But how do you measure any runout when the 2 bars are 400mm+ apart? Then I remembered "Rollie's dad's method" and wondered if it could help in this situation. As I recalled it, Rollies dad's method involved using 2 long bars resting on the ways which would then seemingly amplify any error and make it plainly visible at the 2 ends of the long bars. So I set the frame upside down (the only long bars I had wouldn't fit in the gap above the 12mm bars) and stuck 2 6ft lengths of 25mm box section on the bars and took a few steps back. (parts magnified for clarity) I set it on the seat to prevent me having to crawl on the ground to "sight" along the bars!!



Definitely can see that there is a slight twist to the bars. So I turned up another offset bush to replace a concentric one and tried again. A little better, but not enough, so a 3rd offset bush was made with this result. Much better!!



I made up an extension for my digi-vern so I could check the distance between the 2 Y-axis bars and was very pleasantly surprised to find they were only 0.03mm out!! Here's the easy way I made the offset on my mini lathe, just inserted a shim between one jaw and the work.


Here's an offset bush next to a concentric one


As you can see I have marked the "low" spot on the offset bush, this makes it easy to put a matching mark on the frame so that when re-assembling I can be sure they go back in the right position.

Here's a couple of close-up shots of the insert/bush in place





Next up will be working on the Y-axis carriage's, but I gotta order some ali bar for making those.

Stay tuned for irregular updates.

Tim
Measure with a micrometer, mark with chalk, cut with an axe  -  MI0TME

Offline awemawson

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Re: 3D printer build log
« Reply #1 on: March 25, 2017, 02:59:51 PM »
Very nice painstaking work Tim  :thumbup:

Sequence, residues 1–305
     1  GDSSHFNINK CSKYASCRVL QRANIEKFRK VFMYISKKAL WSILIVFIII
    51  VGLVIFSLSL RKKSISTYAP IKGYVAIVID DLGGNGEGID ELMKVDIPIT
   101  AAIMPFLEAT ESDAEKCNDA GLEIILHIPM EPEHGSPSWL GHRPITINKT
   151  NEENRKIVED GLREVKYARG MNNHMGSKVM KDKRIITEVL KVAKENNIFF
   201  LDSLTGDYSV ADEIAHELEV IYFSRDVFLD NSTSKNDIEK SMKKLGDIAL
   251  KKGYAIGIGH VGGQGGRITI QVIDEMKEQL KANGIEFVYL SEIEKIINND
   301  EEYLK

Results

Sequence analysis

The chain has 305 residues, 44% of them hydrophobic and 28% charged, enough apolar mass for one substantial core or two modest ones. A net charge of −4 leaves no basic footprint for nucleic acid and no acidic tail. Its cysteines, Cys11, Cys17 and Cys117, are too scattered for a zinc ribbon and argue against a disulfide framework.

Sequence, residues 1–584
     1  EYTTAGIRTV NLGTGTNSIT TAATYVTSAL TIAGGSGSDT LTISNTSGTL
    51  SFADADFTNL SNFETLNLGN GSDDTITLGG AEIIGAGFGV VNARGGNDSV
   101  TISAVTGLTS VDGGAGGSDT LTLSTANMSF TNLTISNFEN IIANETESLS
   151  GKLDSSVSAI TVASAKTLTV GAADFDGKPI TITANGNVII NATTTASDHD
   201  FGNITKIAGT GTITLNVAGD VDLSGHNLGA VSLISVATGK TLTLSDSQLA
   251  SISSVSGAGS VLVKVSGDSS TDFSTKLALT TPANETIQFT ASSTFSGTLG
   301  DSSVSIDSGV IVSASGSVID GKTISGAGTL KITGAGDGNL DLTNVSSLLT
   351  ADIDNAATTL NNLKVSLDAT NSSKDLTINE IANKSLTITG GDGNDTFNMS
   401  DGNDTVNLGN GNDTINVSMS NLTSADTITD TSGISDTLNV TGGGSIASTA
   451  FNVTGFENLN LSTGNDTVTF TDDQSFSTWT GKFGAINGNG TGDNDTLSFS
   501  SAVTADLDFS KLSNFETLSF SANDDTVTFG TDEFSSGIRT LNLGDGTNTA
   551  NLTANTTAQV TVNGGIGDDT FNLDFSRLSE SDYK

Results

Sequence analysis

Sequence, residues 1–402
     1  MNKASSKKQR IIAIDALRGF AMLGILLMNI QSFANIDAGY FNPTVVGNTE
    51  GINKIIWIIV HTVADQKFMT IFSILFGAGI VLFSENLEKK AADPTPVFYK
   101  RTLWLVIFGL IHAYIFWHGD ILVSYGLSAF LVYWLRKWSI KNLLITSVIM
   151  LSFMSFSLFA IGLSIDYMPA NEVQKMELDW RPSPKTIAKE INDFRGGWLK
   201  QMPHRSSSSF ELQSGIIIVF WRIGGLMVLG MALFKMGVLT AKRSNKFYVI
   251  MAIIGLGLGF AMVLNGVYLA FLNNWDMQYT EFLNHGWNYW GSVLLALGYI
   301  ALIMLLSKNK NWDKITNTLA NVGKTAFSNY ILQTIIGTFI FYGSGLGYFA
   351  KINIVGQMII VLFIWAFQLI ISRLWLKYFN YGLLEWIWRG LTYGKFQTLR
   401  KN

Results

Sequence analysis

I'll be following with great interest - I've been meaning to make one now for several years but it's not risen to the top of the list yet  :scratch:

I admit I'd have cheated and made the bar mounts adjustable, and tweaked them to plumb  :palm:
Andrew Mawson
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Offline spuddevans

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Re: 3D printer build log
« Reply #2 on: March 25, 2017, 03:28:03 PM »
I admit I'd have cheated and made the bar mounts adjustable, and tweaked them to plumb  :palm:

I did consider it Andrew, but as the error was quite small it actually worked out quicker to knock out a couple of offset bushes.

Tim
Measure with a micrometer, mark with chalk, cut with an axe  -  MI0TME

Offline shipto

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Re: 3D printer build log
« Reply #3 on: March 25, 2017, 03:49:59 PM »
Looks interesting so far, I will be following too.  :thumbup:
I did think until I read the text properly you was intending to make a monster 3d printer  :lol: then realised it was that long to check the bars.
Turns out this life c**p is just one big distraction from death but a good one. For the love of god dont give yourself time to think.
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Offline spuddevans

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Re: 3D printer build log
« Reply #4 on: April 24, 2017, 07:58:17 AM »
A little more progress to report.

I've made up a couple of Stepper Motor mounts to be welded on to the frame, but I'm glad that I didn't weld them on as I've changed my mind on how I'm routing the belts ( I may change it again as the project progresses )

But I acquired a short length of 37mm square ali bar which I hacked off a couple of shorter lengths to make the Y-Axis ( I think ) carriages, and made a centre-pop mark for boring out to accept the 12mm linear bearings.




I then mounted it off-centre in the 4-jaw chuck in the lathe. I used a "wiggler" in the tailstock with the point in the centre-pop, then put a DTI on the shaft of the wiggler and adjusted until I had less than 0.1mm runout. Then it was just a case of drilling out to 18mm, then swapping to a boring bar to bore out to a nice tight-sliding fit for the bearings.

Then, putting the bearings into both carriages, and sliding a 12mm rod into them I mounted both end-to-end in the mill, supported by the 12mm bar, then skimmed each face in turn to make sure that each face is parallel to the bore.